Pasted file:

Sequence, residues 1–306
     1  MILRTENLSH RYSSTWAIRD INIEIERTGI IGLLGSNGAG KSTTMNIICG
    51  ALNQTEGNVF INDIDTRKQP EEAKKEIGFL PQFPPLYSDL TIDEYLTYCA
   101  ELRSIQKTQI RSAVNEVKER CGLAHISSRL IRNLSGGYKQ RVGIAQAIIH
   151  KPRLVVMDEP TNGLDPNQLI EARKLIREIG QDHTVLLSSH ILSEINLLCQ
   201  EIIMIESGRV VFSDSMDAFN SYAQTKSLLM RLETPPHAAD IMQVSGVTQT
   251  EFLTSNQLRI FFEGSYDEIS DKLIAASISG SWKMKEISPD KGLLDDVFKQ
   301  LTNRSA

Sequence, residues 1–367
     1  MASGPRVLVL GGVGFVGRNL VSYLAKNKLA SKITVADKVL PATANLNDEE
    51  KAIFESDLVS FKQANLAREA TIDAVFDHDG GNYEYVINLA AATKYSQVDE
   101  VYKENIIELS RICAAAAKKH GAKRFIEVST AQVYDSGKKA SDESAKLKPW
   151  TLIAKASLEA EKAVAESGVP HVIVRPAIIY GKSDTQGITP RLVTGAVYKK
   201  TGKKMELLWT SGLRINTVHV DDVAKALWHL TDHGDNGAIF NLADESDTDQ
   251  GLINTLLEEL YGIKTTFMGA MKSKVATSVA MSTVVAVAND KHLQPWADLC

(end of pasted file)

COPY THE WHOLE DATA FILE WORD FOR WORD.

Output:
Sequence, residues 1–306
     1  MILRTENLSH RYSSTWAIRD INIEIERTGI IGLLGSNGAG KSTTMNIICG
    51  ALNQTEGNVF INDIDTRKQP EEAKKEIGFL PQFPPLYSDL TIDEYLTYCA
   101  ELRSIQKTQI RSAVNEVKER CGLAHISSRL IRNLSGGYKQ RVGIAQAIIH
   151  KPRLVVMDEP TNGLDPNQLI EARKLIREIG QDHTVLLSSH ILSEINLLCQ
   201  EIIMIESGRV VFSDSMDAFN SYAQTKSLLM RLETPPHAAD IMQVSGVTQT
   251  EFLTSNQLRI FFEGSYDEIS DKLIAASISG SWKMKEISPD KGLLDDVFKQ
   301  LTNRSA

Sequence, residues 1–367
     1  MASGPRVLVL GGVGFVGRNL VSYLAKNKLA SKITVADKVL PATANLNDEE
    51  KAIFESDLVS FKQANLAREA TIDAVFDHDG GNYEYVINLA AATKYSQVDE
   101  VYKENIIELS RICAAAAKKH GAKRFIEVST AQVYDSGKKA SDESAKLKPW
   151  TLIAKASLEA EKAVAESGVP HVIVRPAIIY GKSDTQGITP RLVTGAVYKK
   201  TGKKMELLWT SGLRINTVHV DDVAKALWHL TDHGDNGAIF NLADESDTDQ
   251  GLINTLLEEL YGIKTTFMGA MKSKVATSVA MSTVVAVAND KHLQPWADLC